About Us

Contact Us

Our Complete (Gold)Schedule

or click on the drop down
menus below

Photography Courses

Personal Instruction and One-on-One sessions

Hunt's Photo and Video

Complete List and Schedule Digital Photography Schedule Domestic Tours and Workshop Schedule Worldwide Safaris and Tours Flash Photography Instruction Personal Instruction in Photography or Photoshop Stock Photography and Sales Seminars, Assemblies, Fund Raisers







Osa Peninsula
Costa Rica
Trip Report - Nov.2022

Mantled Spider Monkey

In November 2022 we offered our first Photo Tour to one of the Central America's iconic destinations, the Osa Peninsula in southwester Costa Rica. Mary Ann and I had scouted out the location in the 2021, a trip that was extremely successful. We traveled to the Osa for monkeys, the only location in Costa Rica where one can find all four species found in this country.

Nearby lies Corcovado National Park, which occupies much of the northern half of the peninsula, and here all of Costa Rica's large mammals are found. On our scouting trip we thought we'd be visiting the park, and we were surprised to learn that the best photography took place either around the lodge or on the road that travels the length of the peninsula, from our base - a first class hotel - to the boundary of the park. We discovered that there were no roads within the park and access was by trails, and having done my share of jungle trail walking I knew that the photo opportunities would be extremely limited.

That wasn't the case on the roads and around the lodges! Here wildlife was accessible and many were quite habituated. Each day we'd head out, traveling through secondary forest, teak plantations, fields, and some forests that had trees large enough to almost qualify as primary forests. We'd be looking for monkeys and anything else, which often included brightly colored Trogans, which often perched for long periods quite close to the road.


Squirrel Monkey - sniffing and jumping


Squirrel Monkey and White-faced Capuchin Monkey jumping


White-faced Capuchin, Geoffroy's Spider Monkey

Over our five days afield we encountered our monkeys - Geoffroy's Spider, Mantled Howler, White-faced Capuchin, and Red-backed (aka Central American) Squirrel Monkey. Since forest or a tree line parallels the road in many spots monkey often cross the road, spanning smaller gaps where branches interlock, and the monkeys cross fairly safely, but often the monkeys had to leap from tree to tree. While somewhat difficult to photograph -- although we did so -- these jumps were always exciting to watch.


Collared Peccaries, a distant relative of the pig family, occasionally crossed the road and were surprisingly tame. In the US southwest we'll see this species, but only in refuges and parks are they somewhat tame.



Top: Two-toed Sloth
Botton: Three-toed Sloth

Both species of Sloth, the Two-toed and the Three-toed, are found here, and we visited one of our guide's father's farm where, in their small forest, over 70 sloths reside. We had luck with the Three-toed here, and at another location found two Two-toed Sloths. While the distinguishing feature is the number of toes on their front legs, the over-all appearance and color is quite different. Three-toed Sloths look somewhat unkempt and greenish, from the algae that grows on their fur, while the larger Two-toed has longer, somewhat blondish fur that almost looks as if it were brushed.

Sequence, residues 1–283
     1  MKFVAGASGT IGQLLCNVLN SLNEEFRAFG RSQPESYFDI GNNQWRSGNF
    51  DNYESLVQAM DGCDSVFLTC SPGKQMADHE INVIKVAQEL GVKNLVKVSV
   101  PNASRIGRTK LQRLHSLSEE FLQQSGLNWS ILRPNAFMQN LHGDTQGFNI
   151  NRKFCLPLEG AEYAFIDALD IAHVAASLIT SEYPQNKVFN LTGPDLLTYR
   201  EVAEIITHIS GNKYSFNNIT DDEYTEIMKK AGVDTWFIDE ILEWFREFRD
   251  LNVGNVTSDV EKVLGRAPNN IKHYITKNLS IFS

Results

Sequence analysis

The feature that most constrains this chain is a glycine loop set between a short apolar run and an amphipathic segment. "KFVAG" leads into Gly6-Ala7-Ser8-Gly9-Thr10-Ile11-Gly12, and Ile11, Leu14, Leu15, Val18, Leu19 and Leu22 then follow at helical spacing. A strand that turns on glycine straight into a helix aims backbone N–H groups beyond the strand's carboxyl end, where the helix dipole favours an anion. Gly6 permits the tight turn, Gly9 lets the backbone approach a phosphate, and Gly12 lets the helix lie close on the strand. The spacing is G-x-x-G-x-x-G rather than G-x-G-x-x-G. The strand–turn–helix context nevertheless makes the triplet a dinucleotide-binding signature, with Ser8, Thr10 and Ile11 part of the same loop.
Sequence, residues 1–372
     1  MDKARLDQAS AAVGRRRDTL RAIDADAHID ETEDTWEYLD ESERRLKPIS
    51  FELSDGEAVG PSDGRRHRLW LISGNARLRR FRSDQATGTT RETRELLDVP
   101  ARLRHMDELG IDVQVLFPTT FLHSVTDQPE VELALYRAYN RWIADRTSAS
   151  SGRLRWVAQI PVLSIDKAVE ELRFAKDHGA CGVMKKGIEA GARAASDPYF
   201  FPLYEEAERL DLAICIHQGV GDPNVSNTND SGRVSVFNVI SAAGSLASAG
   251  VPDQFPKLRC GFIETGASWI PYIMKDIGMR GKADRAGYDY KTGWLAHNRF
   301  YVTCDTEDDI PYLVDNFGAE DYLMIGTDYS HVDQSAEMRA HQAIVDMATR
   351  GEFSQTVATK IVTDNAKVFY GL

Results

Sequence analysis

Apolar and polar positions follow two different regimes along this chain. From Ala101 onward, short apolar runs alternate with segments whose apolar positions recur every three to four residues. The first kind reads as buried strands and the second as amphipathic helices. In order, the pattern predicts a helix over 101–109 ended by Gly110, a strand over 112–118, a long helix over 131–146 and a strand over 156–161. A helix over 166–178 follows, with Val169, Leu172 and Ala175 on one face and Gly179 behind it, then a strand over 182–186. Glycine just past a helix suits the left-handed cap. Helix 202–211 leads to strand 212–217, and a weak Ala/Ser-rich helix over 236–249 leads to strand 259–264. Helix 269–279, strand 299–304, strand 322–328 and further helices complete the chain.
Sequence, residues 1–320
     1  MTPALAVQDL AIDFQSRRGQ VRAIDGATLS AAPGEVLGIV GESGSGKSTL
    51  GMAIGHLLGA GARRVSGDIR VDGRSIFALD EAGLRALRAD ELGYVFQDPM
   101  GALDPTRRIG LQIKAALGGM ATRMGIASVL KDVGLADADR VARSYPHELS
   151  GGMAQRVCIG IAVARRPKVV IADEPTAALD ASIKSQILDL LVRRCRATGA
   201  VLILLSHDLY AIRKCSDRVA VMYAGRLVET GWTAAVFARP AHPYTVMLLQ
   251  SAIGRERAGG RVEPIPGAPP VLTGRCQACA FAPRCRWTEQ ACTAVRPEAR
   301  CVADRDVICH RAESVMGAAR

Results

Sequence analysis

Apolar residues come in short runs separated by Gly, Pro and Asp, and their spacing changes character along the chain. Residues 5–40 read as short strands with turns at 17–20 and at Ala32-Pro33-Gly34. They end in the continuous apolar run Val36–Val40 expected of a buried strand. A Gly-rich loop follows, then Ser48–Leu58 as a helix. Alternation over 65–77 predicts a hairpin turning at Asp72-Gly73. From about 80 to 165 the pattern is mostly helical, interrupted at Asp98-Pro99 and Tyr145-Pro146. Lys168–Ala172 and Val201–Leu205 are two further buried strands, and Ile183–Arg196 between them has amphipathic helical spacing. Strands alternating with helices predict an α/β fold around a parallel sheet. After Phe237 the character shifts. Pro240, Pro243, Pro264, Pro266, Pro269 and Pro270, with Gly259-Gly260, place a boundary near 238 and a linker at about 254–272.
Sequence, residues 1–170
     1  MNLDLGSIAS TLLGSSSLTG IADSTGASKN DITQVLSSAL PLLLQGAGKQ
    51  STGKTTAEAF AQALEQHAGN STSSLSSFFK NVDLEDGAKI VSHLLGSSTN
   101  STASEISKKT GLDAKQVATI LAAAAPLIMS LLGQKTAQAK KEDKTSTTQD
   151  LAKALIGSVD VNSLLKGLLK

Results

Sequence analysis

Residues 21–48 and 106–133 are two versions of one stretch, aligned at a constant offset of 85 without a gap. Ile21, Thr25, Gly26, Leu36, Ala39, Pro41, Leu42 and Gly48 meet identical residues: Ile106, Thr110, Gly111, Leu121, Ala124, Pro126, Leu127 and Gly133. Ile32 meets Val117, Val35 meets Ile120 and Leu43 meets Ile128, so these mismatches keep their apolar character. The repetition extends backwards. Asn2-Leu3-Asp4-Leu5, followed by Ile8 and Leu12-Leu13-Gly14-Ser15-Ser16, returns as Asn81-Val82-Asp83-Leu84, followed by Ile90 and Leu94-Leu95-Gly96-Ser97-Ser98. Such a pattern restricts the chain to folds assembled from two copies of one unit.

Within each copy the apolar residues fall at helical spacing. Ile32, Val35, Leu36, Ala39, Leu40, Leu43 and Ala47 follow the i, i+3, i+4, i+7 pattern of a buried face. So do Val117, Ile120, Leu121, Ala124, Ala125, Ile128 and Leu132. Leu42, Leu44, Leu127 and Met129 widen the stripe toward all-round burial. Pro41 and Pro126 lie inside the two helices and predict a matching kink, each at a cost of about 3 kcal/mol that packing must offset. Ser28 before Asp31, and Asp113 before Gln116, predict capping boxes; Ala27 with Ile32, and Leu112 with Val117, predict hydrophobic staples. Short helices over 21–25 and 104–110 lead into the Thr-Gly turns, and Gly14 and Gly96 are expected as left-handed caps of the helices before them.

Swallow-tailed Kite - on the river, after swooping in for a drink


Amazon Kingfisher and fish



Double-toothed Kite, Great Black Hawk
Spectacled Owl


Black-throated, Baird's, and Slaty-tailed Trogans

We had a variety of birds besides the Trogans, and on a river cruise we did quite well with a variety of birds, including an Amazon Kingfisher that was struggling to gulp down a large fish, a Common Potoo that resembled a tree stump, and a couple of Scarlet Macaws investigating a nest hole. American Crocodiles lined the river, the best photo opportunity I've ever had with this species anywhere.


American Crocodile


Eyelash Viper, Fer-de-lance


Red-eyed Treefrog

One of the highlights was our visit to a farm where the owner hosts birders and, for our groups, catches some reptiles and amphibians for a day of photography. One never knows what he'll have, as he only keeps a specimen for a few days, at the most, but on both our visits he had a nice selection of treefrogs and frogs, lizards, and venomous snakes.

This was the beginning of the rainy season, and most days we had a drizzle and sometimes a downpour. While that might seem to be a flaw having rain, drizzle, and overcast skies made for wonderful soft light where contrast and terrible shadows were not an issue. On our scouting trip, in the dry season, we had a lot of sun and contrast was a frequent issue.


Tent-making Bat (we missed this one this year), Bare-throated Tiger-Heron


Green Tree Anole, Helmeted Basilisk

We're planning on returning in November of 2024, and may do a tour here in September of 2023, although that's speculative at the moment. If you're interested, contact our office and get on our list!


Mangrove Swallow

A few of the images above are from our scouting trip and I expected to see these species on this tour. If you join us, you'll have a good chance at getting these and other species not illustrated here.


Granular Poison-Dart Frog

Check out our pages at:

YouTube Channel

Join Our Email List

Mary and Joe are proud to endorse the Photo Retailer that has
done the absolute most in supporting nature photography in all
its facets ---

Hunts Photo

Check out the Monthly Specials from Hunt's